Haven't read much further in Riffaterre yet. But this morning his framework seems both too narrow & yet close to something... I've always been interested in the differences between prose & poetry.

Of course their regions overlap... yet generally prose (fiction) creates a "scene", a world, a time - and the narrator hides behind a curtain... whereas poetry emphasizes the presence of a speaker and the time of Now... not so much a mimesis of reality as the actuality of a speaking person, edging or counterbalancing the autonomous quality of the art werke...

Pushkin famously addressed poets as "Sons of Harmony". The poet brings music & measure to the various & contrary discourses of the social world. The poet stands in the middle of it all & transmutes it into a song... this can be dangerous, too (the poet puts him or herself on the line - the prophetic stance).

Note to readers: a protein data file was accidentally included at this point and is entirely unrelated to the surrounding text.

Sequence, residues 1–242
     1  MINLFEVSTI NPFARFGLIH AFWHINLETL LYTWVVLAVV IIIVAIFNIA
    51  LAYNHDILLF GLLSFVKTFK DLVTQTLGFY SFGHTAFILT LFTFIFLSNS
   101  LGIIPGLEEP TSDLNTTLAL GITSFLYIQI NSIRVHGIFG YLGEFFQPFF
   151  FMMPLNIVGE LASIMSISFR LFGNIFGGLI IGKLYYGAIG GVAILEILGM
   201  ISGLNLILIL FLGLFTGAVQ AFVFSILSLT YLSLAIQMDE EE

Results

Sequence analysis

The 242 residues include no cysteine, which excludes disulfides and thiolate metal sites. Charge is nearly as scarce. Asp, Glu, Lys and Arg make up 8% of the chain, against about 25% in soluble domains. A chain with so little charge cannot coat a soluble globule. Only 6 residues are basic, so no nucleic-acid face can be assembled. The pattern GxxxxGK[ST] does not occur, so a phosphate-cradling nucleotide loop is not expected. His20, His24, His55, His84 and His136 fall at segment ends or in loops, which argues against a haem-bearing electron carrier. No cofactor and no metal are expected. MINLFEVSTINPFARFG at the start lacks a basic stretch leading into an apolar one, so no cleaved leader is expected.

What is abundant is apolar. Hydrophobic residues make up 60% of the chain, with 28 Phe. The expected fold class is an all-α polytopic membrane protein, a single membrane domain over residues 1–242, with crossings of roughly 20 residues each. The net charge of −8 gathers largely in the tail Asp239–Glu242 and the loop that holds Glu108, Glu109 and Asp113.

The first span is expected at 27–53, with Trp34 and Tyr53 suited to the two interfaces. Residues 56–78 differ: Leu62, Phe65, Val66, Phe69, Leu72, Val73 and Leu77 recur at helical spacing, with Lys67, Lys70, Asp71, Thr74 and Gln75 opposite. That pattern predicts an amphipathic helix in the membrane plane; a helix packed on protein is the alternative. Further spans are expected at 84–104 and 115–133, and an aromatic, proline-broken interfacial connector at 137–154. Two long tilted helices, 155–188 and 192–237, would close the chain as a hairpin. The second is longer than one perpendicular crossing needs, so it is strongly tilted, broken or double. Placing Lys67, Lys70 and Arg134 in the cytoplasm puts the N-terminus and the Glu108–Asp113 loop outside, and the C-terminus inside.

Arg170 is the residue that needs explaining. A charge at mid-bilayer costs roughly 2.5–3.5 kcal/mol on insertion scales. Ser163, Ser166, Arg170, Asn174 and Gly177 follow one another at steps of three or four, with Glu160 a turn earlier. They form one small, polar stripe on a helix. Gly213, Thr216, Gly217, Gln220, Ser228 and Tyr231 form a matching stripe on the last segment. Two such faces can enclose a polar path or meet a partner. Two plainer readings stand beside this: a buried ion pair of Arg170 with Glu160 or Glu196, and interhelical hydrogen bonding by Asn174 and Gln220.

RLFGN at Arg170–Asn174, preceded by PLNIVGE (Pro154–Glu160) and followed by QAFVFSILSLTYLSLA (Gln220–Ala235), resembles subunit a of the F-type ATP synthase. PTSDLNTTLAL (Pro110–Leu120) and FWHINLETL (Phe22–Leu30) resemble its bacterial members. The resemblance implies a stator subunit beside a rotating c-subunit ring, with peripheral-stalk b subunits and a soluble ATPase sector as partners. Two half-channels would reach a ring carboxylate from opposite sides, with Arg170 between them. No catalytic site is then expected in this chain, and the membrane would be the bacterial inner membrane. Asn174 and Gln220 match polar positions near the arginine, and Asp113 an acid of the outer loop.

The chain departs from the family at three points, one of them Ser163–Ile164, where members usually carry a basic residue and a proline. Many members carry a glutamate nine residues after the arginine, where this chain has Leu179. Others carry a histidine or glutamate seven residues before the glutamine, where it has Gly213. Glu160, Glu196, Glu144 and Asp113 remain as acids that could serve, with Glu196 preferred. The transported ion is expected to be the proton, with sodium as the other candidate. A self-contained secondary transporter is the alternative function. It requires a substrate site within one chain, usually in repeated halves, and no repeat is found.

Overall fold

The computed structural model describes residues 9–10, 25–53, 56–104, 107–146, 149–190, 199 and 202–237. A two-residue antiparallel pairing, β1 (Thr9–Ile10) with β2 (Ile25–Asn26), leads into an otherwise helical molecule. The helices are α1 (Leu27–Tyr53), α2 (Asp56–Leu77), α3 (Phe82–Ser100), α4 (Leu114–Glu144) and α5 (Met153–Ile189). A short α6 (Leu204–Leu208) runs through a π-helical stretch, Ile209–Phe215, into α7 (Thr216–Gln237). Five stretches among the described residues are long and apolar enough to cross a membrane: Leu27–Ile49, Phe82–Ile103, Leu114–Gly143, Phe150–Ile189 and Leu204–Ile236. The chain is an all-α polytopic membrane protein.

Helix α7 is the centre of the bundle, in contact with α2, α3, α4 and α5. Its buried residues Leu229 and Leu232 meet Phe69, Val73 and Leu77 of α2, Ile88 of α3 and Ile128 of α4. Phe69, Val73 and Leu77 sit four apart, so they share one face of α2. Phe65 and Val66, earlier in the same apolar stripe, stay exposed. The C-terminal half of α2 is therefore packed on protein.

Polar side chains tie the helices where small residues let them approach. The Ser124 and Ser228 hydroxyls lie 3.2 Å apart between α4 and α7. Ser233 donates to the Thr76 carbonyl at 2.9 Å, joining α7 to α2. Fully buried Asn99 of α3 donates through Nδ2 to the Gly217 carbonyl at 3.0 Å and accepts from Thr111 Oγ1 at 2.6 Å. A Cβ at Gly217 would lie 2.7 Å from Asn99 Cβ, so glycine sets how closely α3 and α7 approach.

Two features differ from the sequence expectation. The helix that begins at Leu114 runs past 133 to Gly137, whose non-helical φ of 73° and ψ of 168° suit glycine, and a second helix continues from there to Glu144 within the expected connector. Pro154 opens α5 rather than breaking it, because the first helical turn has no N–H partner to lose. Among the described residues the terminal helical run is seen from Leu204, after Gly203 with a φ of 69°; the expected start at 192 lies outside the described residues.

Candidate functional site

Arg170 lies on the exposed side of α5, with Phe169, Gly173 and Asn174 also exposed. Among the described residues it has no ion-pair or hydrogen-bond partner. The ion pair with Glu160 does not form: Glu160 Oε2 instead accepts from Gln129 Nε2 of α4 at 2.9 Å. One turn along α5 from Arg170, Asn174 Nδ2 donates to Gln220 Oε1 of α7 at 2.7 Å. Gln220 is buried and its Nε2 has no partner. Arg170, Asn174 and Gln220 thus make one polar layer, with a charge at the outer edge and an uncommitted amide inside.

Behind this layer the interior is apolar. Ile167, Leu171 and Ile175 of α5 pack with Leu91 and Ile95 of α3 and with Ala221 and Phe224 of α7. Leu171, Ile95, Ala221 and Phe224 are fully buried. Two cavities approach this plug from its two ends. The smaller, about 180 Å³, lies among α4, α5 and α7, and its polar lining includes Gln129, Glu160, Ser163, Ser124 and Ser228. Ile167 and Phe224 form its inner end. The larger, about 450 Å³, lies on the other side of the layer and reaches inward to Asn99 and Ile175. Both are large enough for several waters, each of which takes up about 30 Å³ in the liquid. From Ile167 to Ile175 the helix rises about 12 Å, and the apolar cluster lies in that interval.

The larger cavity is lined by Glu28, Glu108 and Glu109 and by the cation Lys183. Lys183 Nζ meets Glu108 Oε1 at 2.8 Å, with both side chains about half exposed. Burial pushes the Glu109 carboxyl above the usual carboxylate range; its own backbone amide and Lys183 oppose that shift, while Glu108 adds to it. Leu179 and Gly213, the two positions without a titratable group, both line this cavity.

(The self-consciousness of poetry : first humanity in general created, or came to the consciousness of, language, with which to shape and define reality. Then the poet came along, to bring self-consciousness (reflective awareness) to the shaping of language itself. The word turns on a pivot - revolves there, motionless. Poets and prose writers both do this - but in very different ways.)

Such generalities might have consequences for what passes for the canon of style and aesthetic value. Perhaps it comes down to the question : what is this poet - as "speaker" - actually saying? What is the logos within the melos and the phanos?

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